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Home / Health’s Achilles heel…dilapidated infrastructure, inadequate personnel, underfunded programmes

Health’s Achilles heel…dilapidated infrastructure, inadequate personnel, underfunded programmes

2023-02-21  Edward Mumbuu

Health’s Achilles heel…dilapidated infrastructure, inadequate personnel, underfunded programmes

The public health sector is under distress, confronted by a myriad of issues that range from dilapidated facilities and a shortage of medication and personnel, which all compromise quality service delivery.

These findings are captured in a National Council report from its standing committee on health, social welfare and labour affairs, following oversight visits between March 2022 and February this year.

The parliamentarians toured the //Kharas, Hardap, Omaheke, Kunene, Omusati, Ohangwena, Oshana, Oshikoto, Otjozondjupa and Erongo regions during that period.

The results in all regions were almost similar as far as the dire state of most facilities is concerned.

The committee visited hospitals, health centres, clinics and maternal homes in those regions. “The committee observed that most public health infrastructure in all regions visited were in poor physical conditions, as evidenced by the cracking walls, peeling paint, damaged and falling ceilings and such other issues of dilapidation,” reads a section of the damning report.

The perilous physical conditions of the public health facilities were attributed to inadequate funding for major renovations and maintenance.

“Some hospital buildings such as the Outapi district hospital, Gobabis district hospital, Oshakati intermediate hospital, Otjiwarongo district hospital, Walvis Bay district hospital as well as the Maltahohe clinic are old and without renovations,” the committee found.

That is not all. “The Onandjokwe Intermediate Hospital, being one of the oldest hospitals in the country, is very old and falling apart, hence the need for urgent intervention. The Maltahohe clinic was destroyed by a storm in 2020, while the Mariental district hospital was destroyed by fire. Both facilities are due for renovation and upgrade.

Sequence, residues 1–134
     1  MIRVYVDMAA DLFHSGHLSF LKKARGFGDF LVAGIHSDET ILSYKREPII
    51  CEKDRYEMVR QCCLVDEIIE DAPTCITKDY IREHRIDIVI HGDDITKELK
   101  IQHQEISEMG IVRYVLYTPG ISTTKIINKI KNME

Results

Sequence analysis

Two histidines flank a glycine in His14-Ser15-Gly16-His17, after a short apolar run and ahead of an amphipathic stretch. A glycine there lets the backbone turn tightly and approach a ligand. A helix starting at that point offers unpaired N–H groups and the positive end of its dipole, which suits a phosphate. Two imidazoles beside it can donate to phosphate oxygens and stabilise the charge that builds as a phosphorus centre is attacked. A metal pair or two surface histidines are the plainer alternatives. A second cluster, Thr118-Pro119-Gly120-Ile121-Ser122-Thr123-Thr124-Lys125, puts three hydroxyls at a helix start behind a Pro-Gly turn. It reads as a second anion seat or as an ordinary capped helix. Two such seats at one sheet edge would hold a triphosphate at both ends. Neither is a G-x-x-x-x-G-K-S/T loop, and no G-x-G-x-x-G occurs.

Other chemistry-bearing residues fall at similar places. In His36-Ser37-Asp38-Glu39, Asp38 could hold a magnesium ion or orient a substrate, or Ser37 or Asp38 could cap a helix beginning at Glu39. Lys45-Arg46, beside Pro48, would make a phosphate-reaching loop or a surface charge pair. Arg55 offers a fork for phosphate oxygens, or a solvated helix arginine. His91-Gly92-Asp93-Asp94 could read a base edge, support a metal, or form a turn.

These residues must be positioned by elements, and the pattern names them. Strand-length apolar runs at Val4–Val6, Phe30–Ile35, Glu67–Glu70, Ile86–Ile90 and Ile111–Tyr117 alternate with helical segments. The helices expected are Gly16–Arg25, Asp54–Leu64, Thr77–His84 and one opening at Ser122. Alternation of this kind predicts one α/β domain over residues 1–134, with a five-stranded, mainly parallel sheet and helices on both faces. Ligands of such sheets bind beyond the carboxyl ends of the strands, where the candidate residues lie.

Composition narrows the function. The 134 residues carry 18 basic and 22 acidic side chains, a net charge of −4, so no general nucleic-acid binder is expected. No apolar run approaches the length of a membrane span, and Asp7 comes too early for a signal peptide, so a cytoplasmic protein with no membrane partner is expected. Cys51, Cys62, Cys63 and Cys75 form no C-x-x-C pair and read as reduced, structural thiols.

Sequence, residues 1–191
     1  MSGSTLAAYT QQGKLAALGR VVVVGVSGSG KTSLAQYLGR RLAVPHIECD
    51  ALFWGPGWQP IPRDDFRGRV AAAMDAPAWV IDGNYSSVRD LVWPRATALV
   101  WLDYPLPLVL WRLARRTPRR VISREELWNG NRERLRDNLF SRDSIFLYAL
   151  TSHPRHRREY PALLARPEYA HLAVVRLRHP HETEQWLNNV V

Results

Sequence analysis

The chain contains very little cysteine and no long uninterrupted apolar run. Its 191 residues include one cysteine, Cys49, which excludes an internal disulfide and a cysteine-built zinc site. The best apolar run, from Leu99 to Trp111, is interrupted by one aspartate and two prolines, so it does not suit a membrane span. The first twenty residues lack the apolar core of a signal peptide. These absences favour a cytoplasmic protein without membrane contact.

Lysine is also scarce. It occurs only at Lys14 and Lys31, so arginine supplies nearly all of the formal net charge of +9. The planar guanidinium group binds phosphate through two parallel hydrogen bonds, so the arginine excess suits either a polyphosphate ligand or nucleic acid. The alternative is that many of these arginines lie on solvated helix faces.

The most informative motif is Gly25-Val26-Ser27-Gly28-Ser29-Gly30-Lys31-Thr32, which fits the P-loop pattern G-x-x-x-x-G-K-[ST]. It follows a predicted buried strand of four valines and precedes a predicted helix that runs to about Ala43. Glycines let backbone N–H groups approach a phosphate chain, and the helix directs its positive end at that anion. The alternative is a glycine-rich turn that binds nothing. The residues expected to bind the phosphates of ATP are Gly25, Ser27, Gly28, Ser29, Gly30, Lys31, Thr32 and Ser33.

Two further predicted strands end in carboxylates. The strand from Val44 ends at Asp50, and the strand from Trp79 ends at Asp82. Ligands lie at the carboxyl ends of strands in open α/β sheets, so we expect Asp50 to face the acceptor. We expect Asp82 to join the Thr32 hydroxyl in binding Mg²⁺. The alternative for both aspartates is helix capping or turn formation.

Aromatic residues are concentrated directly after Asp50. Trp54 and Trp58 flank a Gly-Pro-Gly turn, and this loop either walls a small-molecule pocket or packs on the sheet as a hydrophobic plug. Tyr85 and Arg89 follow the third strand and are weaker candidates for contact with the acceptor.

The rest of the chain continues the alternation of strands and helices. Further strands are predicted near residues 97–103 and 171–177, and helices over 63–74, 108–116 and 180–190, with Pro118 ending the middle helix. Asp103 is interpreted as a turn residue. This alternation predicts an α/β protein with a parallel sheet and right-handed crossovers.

Additionally, at the time of the visit, most renovation works at the Aranos hospital were completed, with only minor items outstanding”. “It was further reported that the snail’s pace and delay [at Aranos] was attributed to the constant change of contractors for the past seven years,” the committee stated.

Moreover, there are calls for a health centre in Swakopmund’s DRC settlement due to its growing population. The residents are currently catered for by the Mondesa clinic, which is overwhelmed. In Outapi and Okalongo, the health facilities are also unable to accommodate patients due to the fast-growing population and influx of patients from neighbouring Angola. “Maternity wards at some hospitals such as the Outapi district hospital admitted more patients than the bed capacity. At times, patients were thus accommodated on the floors and corridors,” the MPs found.

The situation gets worse in Otjiwarongo, where serviced and fenced-off land earmarked for the construction of a new district hospital has been vandalised. The site has been idling for the past seven years, without any development.

“On a positive note, it was indicated that the feasibility study to upgrade the Opuwo district hospital has been finalised. Plans were approved, and awaiting the allocation of funds in order to resume phase one of the hospital construction,” the report continued.



The old structures also hampered the proper provision of basic hygiene for patients and health workers as most hospitals were unclean and infested with pests.

Some health centres and clinics, however, were found to be clean and well-maintained.

“The Epukiro Post 3 clinic relies on a borehole with saline water [which is] unfit for human consumption, whereas the Omuthiya district hospital reported that they had no water reservoir to cater for emergencies. Water supply at the Okalongo health centre has been reported as inadequate due to poor water pressure,” it was established.